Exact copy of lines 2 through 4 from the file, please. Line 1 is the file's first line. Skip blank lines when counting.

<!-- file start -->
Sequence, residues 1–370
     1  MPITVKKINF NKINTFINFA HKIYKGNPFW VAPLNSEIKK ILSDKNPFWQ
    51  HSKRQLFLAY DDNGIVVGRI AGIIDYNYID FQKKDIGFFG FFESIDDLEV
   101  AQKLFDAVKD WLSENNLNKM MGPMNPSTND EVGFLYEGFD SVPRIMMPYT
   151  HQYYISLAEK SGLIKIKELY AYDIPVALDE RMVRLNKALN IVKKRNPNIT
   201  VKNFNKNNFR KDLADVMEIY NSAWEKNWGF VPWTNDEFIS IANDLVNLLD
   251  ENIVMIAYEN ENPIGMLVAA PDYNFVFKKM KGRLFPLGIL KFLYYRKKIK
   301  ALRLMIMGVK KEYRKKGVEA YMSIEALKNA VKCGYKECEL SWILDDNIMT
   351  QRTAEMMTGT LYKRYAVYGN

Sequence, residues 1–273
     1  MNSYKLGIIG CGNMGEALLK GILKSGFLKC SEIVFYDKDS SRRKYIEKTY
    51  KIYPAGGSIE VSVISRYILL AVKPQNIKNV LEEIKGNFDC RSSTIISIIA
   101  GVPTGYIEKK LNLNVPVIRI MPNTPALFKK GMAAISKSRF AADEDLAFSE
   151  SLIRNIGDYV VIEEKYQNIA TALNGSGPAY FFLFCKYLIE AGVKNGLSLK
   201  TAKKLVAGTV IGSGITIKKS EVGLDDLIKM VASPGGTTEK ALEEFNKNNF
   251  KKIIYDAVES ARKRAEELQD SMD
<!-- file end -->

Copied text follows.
     1  MPITVKKINF NKINTFINFA HKIYKGNPFW VAPLNSEIKK ILSDKNPFWQ
    51  HSKRQLFLAY DDNGIVVGRI AGIIDYNYID FQKKDIGFFG FFESIDDLEV
   101  AQKLFDAVKD WLSENNLNKM MGPMNPSTND EVGFLYEGFD SVPRIMMPYT